Two power substations in a North Carolina county were damaged by gunfire in what is being investigated as a criminal act. A spokesman for Duke Energy said at a news conference with local officials on Sunday that the damage caused the night before could take days to repair. Power was out for roughly 37,000 customers Sunday. In response, officials announced a state of emergency that included a curfew from 9 p.m. Sunday to 5 a.m. Monday. County schools will be closed Monday. Moore County Sheriff Ronnie Fields says authorities have not determined a motivation.

Documentaries about Brooke Shields, Judy Blume and Michael J. Fox are among the world premieres set for the Sundance Film Festival in January. The upcoming festival in Park City, Utah, will also include films from veteran directors like Nicole Holofcener, an adaptation of the viral New Yorker story “Cat Person” and the feature directorial debut of actors Alice Englert and Randall Park. Programmers announced the lineup for the 2023 edition Wednesday. After two pandemic hobbled years, plans are in motion to return in full force for the festival which runs from January 19-29. Stars like Anne Hathaway, Tiffany Haddish, Julia Louis-Dreyfus, Alexander Skarsgård and Gael García Bernal are headlining some of the 101 feature films.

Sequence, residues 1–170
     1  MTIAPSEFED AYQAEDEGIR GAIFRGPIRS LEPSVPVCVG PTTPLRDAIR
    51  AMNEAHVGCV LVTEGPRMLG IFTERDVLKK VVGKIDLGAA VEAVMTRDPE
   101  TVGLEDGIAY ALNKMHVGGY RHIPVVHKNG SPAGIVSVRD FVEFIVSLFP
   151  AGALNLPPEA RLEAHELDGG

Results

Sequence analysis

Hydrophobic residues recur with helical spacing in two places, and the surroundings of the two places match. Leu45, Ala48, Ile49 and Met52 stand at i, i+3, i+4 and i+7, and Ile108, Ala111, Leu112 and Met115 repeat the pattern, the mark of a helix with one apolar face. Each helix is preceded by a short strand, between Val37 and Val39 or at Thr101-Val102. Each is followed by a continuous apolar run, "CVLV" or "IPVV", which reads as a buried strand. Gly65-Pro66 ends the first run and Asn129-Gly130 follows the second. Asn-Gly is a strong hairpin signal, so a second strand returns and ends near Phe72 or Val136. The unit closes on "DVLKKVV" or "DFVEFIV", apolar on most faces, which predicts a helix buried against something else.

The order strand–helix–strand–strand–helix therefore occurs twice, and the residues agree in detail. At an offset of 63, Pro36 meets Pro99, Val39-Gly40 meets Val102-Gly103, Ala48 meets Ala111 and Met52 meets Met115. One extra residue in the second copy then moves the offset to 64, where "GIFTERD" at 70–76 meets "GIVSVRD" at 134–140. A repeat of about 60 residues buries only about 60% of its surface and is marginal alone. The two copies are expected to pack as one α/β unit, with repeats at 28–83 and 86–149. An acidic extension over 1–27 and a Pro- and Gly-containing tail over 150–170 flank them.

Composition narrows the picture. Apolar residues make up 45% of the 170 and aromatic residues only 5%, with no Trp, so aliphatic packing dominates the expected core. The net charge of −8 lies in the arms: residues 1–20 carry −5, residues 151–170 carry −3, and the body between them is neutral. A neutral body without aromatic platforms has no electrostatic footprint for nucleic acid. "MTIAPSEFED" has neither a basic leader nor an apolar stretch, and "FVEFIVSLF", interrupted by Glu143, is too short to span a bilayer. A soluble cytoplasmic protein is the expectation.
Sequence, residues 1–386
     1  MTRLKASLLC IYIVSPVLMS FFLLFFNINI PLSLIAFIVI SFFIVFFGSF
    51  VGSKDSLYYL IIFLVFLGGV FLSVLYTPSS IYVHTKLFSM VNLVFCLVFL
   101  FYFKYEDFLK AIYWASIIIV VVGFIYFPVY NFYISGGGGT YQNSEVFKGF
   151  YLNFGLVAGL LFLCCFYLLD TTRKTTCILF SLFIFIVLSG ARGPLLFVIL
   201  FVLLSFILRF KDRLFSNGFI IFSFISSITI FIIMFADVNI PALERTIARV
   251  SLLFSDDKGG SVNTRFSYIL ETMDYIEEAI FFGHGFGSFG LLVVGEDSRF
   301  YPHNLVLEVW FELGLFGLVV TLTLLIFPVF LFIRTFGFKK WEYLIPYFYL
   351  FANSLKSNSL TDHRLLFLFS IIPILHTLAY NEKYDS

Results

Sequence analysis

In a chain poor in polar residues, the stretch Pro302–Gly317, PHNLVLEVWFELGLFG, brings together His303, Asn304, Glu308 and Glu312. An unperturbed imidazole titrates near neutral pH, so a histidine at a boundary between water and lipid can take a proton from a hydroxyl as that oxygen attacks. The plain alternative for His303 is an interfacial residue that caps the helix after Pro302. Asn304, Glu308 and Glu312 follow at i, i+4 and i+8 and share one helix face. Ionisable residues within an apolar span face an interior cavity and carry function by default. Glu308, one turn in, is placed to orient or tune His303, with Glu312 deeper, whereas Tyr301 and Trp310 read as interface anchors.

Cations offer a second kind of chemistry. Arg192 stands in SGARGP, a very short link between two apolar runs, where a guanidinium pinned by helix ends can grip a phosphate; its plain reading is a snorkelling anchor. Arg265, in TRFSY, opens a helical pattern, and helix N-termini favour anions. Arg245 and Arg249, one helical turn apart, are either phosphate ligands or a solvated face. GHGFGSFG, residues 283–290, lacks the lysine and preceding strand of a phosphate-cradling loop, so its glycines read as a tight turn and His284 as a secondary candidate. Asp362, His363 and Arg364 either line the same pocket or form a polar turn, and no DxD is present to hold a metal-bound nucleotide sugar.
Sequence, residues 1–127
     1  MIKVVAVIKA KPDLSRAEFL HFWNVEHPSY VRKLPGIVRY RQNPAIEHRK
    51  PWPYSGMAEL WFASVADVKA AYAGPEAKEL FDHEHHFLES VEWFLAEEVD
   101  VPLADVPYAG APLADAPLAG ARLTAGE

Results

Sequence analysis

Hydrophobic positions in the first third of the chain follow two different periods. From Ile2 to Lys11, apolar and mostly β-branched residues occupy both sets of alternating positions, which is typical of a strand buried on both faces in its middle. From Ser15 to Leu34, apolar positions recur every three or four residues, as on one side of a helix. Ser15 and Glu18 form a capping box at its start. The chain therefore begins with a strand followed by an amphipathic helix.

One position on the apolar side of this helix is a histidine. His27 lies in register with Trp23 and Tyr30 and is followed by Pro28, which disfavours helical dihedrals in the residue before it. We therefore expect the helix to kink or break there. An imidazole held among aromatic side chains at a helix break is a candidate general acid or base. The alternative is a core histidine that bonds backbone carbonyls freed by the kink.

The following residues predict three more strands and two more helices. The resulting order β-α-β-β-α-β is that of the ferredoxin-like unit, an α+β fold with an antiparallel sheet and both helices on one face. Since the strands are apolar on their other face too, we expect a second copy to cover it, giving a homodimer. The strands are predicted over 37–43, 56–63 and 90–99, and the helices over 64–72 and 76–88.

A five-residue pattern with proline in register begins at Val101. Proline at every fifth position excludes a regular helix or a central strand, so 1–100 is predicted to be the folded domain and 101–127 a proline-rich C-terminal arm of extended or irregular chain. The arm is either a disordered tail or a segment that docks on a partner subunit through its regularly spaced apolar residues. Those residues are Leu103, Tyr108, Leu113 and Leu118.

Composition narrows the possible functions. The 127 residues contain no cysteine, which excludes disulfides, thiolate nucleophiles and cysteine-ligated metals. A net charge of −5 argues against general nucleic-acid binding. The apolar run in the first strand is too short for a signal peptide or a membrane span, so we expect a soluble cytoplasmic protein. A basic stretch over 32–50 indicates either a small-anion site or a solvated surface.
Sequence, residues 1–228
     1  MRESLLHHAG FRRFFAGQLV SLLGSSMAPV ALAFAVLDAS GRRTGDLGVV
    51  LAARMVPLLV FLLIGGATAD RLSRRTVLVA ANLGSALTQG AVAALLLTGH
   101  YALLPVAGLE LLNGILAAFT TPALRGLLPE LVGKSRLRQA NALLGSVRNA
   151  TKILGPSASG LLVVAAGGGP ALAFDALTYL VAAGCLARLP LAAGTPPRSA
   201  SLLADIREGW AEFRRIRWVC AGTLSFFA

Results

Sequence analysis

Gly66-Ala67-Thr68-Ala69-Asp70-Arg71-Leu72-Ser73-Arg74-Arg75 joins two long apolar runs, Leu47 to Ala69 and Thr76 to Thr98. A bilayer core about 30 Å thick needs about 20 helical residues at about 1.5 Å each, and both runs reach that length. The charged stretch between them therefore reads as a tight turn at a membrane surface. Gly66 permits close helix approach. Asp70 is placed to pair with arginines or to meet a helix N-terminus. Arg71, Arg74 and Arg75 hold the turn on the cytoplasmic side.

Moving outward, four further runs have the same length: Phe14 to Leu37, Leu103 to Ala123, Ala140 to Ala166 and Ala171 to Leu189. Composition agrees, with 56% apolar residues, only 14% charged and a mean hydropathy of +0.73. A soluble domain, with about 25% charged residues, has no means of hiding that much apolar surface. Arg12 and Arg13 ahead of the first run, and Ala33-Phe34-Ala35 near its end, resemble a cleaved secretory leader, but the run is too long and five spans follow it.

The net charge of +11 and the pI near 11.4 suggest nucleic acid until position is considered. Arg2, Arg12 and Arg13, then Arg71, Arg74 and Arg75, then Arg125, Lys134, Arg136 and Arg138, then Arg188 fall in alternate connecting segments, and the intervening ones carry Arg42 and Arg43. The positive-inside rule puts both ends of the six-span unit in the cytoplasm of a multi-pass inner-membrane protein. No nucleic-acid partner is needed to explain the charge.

Police in suburban Atlanta say one person was shot and injured Wednesday in a shooting near the automotive center at a Walmart store. News outlets report that investigators said two groups of people had a dispute outside the store in Cobb County and shots were fired. The person who was shot was taken to a hospital, and information on the extent of the injuries was not immediately available. No other injuries were reported. Police said they detained several people for questioning but that no arrest had been made.

A surge of anti-Jewish vitriol spread by celebrities is stoking fears that public figures are normalizing hate and ramping up the risk of violence. Former President Donald Trump hosted a Holocaust-denying white supremacist at Mar-a-Lago. The rapper Ye expressed love for Adolf Hitler in an interview. Basketball star Kyrie Irving appeared to promote an antisemitic film on social media. Those are just a few recent examples of influential people abusing their platforms to amplify antisemitism in a way that has been taboo for decades in the U.S. Some people say the incidents harken back to a darker time in America when powerful people routinely spread conspiracy theories about Jews with impunity.